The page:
Over the past few weeks, we had a few heat waves — with several days at about 110 degrees — so it derailed my schedule to complete the staining of our garden shed over a weekend. Instead, we stained over the course of a week or so, doing early morning sessions and stopping around 10 or 11, when the sun got too strong. We used the natural shade of Penofin Verde, an environmental wood stain with Brazilian Rosewood oil, for all of the siding and trim, and I think it looks great! It brings out the texture and knots of the cedar, and has brightened up the wood overall.
I’d obsessed over the color for the trim of the French doors and windows — pondering shades of yellow and sage green — and ended up mixing mustard yellow and snow white milk paint to create what I hoped to be a chalky yellow with a bit of pop. But it ended up being way too muted — almost invisible against the siding — and halfway through painting the first door, I realized I’d made a mistake and should have mixed in a brighter yellow.
I do like the consistency and quality of milk paint, though, which creates a sort of vintage, distressed look, but overall I’m underwhelmed by what I did. It’s totally fine for now, but I’ll refresh and repaint the trim sometime in the future!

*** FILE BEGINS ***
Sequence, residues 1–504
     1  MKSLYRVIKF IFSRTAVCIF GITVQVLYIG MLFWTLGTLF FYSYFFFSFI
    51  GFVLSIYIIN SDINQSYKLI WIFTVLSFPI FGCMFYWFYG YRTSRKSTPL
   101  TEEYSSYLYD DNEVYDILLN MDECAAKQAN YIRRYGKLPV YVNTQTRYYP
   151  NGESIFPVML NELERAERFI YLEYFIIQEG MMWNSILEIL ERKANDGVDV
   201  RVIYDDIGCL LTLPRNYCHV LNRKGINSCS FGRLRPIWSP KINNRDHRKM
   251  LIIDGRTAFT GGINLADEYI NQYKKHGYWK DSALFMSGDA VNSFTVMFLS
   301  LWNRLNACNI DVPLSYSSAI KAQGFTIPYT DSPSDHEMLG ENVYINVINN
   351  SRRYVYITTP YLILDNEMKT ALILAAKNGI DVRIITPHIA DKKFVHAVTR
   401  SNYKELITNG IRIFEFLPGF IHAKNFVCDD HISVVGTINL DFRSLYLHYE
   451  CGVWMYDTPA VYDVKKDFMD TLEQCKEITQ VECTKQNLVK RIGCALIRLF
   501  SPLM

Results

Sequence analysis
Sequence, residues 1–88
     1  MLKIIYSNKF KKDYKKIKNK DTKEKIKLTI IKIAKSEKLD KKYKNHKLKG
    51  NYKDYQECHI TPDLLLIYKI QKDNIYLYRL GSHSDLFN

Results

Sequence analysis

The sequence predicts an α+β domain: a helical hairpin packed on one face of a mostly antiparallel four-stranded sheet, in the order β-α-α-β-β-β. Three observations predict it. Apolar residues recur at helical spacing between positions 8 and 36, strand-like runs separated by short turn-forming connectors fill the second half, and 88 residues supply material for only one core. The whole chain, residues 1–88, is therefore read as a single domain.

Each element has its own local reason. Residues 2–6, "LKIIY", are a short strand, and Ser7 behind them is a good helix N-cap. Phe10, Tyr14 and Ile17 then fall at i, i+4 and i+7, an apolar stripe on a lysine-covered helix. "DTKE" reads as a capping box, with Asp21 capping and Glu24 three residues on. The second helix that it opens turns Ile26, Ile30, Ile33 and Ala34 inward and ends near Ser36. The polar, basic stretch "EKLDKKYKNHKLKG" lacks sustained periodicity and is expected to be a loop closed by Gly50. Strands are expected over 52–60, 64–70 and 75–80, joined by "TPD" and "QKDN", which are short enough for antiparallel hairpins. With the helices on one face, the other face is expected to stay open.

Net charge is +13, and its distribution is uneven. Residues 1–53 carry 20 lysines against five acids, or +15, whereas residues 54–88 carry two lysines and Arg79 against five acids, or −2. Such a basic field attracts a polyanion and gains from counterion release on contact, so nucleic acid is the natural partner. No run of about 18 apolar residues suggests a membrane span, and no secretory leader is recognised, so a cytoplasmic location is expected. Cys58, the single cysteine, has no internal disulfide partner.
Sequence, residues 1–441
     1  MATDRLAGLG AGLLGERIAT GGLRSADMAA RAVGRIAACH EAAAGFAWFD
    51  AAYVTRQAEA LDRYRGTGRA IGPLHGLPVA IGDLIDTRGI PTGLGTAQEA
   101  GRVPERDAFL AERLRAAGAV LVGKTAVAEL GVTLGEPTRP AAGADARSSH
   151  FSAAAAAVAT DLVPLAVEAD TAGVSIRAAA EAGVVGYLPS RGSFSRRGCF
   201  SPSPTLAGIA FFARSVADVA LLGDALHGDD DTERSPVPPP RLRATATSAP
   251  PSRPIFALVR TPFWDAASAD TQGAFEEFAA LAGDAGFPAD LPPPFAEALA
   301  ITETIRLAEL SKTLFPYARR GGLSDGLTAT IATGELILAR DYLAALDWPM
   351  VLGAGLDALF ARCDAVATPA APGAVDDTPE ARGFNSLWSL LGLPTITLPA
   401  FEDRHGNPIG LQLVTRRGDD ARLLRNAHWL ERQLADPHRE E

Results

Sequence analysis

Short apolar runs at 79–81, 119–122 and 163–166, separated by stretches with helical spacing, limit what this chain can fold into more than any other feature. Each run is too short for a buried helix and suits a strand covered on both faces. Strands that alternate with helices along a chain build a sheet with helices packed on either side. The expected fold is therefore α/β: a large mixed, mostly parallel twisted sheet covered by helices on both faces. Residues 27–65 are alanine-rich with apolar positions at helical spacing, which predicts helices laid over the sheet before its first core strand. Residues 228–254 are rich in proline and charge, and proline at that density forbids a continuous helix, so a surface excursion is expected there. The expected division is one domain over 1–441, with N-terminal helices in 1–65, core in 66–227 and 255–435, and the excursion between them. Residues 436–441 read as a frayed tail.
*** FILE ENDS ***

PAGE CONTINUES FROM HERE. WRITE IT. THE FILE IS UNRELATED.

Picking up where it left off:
3 thoughts on “Shed Siding is Stained”
Beautiful. Looks like a resort dream world. Funny thing about picturesque places is that nobody ever thinks about the mosquitoes etc, in those places… or in your case the 110 degree heat wave. Crazy.
We found dozens of wasp nests all around the tiny house (even one underneath the wood paneling/siding) and our own house, and at one point, wasps were appearing inside our house, seemingly drunk/in a stupor, and I think they’d hibernated inside the walls early on and when they woke up, they somehow stumbled into our house.
We had someone kill several black widow spiders, too. And the gophers. Oh, the gophers. They’re probably the worst, drilling their holes and tunnels everywhere, messing up the landscape. I spend lots of time covering holes and padding the soil down. We have the usual pests on trees/plants/vegetables, but those are fairly under control!
🙂 yeah, I knew there must be more to the story! Getting something to perfection is a constant battle.